After that, how do you tell that is is replicating?

The config file say to create a /cas/ folder to store the on disk tickets, but that's relative to the tomcat5 directory and then relative to the catalina_tmpdir which is in the /etc/tomcat5/tomcat5.conf file

Finally found it.. and the ticket cache was binary.

And then a dark hint that automatic versus manual discovery of partners (multicast vs unicast) could have performance issues.. and one of the alternatives like javagroups or hastelnut? might be better. Controversial.

Moving on to Casifying Shib or Shibifying Cas to get Federation.. mostly just an exercise.. why explore Shib before knowing the technology the Federation your joining actually uses?

I think it boils down to the web SaS.. does it prefer CAS or prefer Shib.. Shib seems less common, but then there are Cloud SAML providers to consider. My head is spinning.. would really like to just get back to some java or c coding for a while.. or a little python.. the simple stuff


CAS 3.5.2, Ehcache and Shib

So the exploration continues

Finally resolved why the deployment.xml file for 3.4.11 doesn't work for 3.5.2 and got it working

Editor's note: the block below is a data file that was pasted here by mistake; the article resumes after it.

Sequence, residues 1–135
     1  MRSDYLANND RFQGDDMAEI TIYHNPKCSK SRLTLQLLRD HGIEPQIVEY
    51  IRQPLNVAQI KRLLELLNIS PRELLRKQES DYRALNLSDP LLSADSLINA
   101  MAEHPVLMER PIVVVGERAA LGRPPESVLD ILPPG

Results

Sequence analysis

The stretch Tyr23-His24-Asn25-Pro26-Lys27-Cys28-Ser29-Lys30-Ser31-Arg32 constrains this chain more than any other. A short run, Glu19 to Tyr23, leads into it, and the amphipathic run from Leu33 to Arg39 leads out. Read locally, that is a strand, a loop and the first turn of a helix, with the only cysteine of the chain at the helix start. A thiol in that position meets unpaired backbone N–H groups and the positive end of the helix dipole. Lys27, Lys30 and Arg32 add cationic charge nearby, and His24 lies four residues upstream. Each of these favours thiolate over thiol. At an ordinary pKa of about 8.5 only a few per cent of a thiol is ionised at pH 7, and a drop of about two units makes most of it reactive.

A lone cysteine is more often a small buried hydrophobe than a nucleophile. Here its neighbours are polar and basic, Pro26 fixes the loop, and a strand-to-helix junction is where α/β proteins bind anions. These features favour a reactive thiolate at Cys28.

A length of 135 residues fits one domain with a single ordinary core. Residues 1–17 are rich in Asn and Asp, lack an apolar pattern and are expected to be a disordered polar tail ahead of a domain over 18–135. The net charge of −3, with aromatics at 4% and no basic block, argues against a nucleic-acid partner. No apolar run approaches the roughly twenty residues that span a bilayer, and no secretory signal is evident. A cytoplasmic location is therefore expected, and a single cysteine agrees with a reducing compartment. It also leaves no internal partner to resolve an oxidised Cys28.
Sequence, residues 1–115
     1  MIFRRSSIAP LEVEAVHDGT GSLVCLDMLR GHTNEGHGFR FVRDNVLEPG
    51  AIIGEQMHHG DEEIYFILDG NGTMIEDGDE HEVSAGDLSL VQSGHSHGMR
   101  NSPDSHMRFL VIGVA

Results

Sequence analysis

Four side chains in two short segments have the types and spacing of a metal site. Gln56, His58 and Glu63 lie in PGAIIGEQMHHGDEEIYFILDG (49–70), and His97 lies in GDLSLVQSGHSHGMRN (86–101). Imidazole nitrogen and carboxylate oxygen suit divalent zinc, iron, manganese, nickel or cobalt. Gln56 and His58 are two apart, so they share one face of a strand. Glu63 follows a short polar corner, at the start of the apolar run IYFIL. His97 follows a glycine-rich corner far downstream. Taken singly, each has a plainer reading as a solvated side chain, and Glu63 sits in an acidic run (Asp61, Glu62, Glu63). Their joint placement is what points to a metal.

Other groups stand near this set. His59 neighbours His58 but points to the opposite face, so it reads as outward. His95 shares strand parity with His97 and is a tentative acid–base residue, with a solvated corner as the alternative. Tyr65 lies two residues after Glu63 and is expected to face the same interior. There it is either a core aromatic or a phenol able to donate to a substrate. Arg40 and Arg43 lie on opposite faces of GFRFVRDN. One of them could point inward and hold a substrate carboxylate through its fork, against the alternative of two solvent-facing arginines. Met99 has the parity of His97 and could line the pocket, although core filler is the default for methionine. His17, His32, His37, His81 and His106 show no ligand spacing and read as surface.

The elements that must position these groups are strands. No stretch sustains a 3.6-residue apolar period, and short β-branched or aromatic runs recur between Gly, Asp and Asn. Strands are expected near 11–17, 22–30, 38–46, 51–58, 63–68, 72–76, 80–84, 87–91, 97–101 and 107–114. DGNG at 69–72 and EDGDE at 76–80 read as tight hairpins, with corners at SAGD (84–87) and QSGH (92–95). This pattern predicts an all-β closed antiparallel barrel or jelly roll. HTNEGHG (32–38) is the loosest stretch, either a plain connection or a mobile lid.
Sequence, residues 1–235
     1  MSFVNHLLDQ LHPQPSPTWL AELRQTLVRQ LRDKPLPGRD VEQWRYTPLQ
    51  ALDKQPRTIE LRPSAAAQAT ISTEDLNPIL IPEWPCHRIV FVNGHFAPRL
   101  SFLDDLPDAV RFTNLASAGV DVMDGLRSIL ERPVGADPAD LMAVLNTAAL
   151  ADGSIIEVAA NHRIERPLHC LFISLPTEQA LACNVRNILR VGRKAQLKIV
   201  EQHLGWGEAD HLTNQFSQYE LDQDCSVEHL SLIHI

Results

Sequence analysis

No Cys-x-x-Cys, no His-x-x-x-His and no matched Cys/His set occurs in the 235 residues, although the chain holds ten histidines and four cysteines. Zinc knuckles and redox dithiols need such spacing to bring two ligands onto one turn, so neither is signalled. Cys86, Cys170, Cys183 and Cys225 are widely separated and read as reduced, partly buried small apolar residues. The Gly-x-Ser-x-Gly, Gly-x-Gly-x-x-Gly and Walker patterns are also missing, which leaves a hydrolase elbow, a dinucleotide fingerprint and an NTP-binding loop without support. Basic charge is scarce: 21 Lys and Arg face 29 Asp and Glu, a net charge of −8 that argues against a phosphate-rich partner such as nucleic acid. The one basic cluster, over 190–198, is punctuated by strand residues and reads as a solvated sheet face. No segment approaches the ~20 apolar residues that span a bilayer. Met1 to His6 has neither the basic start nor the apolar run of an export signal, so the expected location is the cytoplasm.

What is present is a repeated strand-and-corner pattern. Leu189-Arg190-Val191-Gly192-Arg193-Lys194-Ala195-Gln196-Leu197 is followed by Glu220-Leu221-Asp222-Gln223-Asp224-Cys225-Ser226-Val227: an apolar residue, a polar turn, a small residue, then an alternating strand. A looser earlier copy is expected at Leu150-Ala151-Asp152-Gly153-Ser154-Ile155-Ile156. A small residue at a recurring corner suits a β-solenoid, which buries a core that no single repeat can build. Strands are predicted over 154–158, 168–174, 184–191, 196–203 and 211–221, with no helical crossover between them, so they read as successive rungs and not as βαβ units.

Mostly its that the class used for LDAP support changed in the authenticator, I didn't really have a lot of good examples and the docs and tutorials seemed to be dated or tailored towards 3.4 or lower

I get the sense 4.0 and above are still experimental. But 3.5.2 has quite a bit to offer.

The big gambit is native Java RMI Ehcache for replicating tickets in the background, so that a front end loadbalancer can direct traffic across many severs or failover to a redundant CAS server without worrying that tickets issued by a downed server are unavailable for verification. As soon as they're made they are replicated to the other servers.

The next most interesting thing for tomorrow is to look at a cas-shib plugin for supporting shib federation. We already federate quite well with Eduroam.

Also have to make some time to look at ADFS services in Windows Server 2012, not sure how far along they are.. but with .net going open source and Xamarin getting the CLR docs finally.. the area is getting interesting again.